On this day in 1975 the last American soldiers left Vietnam, ending a ten-year period in which the United States dropped more bombs than during all of World War II. The long conflict and the many soldiers who fought there returned with both metals and scars, but they also returned with new words that reflected their intense experience in Southeast Asia.
In the book I Hear America Talking, Stuart Berg Flexner defines some of the key terms that came out of the Vietnam War:
Charlie: The term Viet Cong (short for Vietnamese Communist) was shortened by soldiers to V.C. Since the international phonetic alphabet used for communication designated the letter C as Charlie, and V for Victor, the enemy from North Vietnam was frequently designated Charlie.
Click: Military term for kilometer, possibly reflecting the sound of the letter K, the abbreviation for kilometer, or the clicking of a gun sight being adjusted for distance.
Defoliate: The spraying of chemicals or the use of bombs on enemy territory to destroy trees or crops, depriving the enemy of concealment or food.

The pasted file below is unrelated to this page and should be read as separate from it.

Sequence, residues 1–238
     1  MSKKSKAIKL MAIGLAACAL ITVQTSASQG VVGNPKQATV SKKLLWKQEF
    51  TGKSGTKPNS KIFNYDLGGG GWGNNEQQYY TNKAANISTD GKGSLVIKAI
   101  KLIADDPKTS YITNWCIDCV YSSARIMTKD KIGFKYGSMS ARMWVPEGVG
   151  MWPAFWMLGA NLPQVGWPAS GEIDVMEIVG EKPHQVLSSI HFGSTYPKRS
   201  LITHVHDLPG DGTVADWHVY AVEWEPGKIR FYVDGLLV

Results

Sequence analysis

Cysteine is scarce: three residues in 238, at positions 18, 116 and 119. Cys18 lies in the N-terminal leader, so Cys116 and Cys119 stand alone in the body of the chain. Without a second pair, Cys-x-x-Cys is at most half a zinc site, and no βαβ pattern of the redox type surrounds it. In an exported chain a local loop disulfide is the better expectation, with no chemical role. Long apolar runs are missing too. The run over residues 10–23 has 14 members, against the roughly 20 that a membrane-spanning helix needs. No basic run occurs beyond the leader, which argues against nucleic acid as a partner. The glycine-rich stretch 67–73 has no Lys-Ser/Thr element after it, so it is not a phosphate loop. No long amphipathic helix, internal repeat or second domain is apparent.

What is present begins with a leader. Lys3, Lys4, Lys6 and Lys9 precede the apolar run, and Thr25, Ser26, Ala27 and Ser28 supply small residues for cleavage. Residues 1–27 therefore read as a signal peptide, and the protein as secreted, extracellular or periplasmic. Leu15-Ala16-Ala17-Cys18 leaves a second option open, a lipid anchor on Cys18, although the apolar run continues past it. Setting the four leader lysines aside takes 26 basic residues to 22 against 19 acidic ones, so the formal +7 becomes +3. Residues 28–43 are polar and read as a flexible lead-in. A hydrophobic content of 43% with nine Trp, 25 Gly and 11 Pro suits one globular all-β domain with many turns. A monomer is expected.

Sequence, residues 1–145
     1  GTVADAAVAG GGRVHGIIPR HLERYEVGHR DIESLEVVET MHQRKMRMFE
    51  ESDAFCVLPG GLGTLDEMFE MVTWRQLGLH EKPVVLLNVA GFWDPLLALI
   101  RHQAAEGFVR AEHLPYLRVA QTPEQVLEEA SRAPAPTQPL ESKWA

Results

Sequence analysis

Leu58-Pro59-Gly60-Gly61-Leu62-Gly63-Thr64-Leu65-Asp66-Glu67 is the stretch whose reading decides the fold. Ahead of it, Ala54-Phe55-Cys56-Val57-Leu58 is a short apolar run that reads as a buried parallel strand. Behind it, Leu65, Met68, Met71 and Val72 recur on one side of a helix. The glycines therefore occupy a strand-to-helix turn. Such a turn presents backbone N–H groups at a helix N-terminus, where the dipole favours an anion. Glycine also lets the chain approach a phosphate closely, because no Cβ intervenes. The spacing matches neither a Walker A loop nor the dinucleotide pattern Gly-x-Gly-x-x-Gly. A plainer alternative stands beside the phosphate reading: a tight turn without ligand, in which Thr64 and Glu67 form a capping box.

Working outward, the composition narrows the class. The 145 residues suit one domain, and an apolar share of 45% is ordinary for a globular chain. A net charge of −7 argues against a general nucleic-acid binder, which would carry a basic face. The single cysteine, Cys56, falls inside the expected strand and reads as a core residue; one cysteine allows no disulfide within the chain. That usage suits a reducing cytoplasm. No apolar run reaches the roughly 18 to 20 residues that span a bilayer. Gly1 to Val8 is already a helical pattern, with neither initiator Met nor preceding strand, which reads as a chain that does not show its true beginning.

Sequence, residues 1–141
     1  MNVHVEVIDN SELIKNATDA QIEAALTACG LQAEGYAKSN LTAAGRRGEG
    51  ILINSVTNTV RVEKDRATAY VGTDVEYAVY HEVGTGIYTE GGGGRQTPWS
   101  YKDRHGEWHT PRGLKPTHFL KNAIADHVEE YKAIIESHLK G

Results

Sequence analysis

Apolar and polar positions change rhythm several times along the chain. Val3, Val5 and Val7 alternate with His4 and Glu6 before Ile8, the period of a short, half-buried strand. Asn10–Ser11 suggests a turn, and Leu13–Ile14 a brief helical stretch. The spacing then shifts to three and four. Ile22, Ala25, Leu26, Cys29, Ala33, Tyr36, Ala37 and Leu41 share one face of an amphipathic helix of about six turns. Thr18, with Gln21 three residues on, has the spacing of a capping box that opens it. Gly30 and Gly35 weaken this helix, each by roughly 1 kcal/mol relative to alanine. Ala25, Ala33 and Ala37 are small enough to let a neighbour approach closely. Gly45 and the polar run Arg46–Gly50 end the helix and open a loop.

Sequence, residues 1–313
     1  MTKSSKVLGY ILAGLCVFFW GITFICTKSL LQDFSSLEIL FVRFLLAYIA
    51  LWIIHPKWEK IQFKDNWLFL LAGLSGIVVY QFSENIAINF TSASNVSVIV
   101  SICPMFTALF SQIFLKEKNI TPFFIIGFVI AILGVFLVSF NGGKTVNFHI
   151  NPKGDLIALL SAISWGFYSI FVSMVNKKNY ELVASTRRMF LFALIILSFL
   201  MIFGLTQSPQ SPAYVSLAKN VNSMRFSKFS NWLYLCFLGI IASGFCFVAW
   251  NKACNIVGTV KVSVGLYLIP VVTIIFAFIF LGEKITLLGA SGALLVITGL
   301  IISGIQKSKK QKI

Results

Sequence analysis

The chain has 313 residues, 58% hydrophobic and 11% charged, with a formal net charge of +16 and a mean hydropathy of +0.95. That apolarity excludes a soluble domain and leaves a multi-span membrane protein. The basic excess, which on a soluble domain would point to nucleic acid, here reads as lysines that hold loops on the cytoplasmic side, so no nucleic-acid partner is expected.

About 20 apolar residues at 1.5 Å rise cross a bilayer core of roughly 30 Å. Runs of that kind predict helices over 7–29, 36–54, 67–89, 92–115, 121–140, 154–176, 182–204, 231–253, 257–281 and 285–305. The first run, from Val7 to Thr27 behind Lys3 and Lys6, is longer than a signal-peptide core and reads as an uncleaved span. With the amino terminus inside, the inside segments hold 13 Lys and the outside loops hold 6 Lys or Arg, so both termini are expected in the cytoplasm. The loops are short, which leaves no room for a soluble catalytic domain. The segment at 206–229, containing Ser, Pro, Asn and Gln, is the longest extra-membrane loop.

Domino Theory: The belief that if Vietnam fell to the Communists, its neighbors in Southeast Asia would fall one by one, as in a row of dominoes.
Escalation: As the U.S. presence in Vietnam grew under the leadership of President Johnson, this term was used to describe the increase in troop levels. It is derived from escalator, a trademark name for a "moving staircase."
Fire fight: This term to describe a short engament replaced the common word skirmish.
Fragging: This term is derived from a commonly used weapon of the war, the fragmentation grenade. It became a verb to describe the killing of an officer by use of a grenade or any other means.
Today's Challenge: "I Love the Smell of Vocabulary In the Morning"
Use a good dictionary to look of the meaning of the following words from the Vietnam War. What do they mean, and how are they related to the conflict specifically?
Quote of the Day: Eloquence is a painting of the thoughts. –Blaise Pascal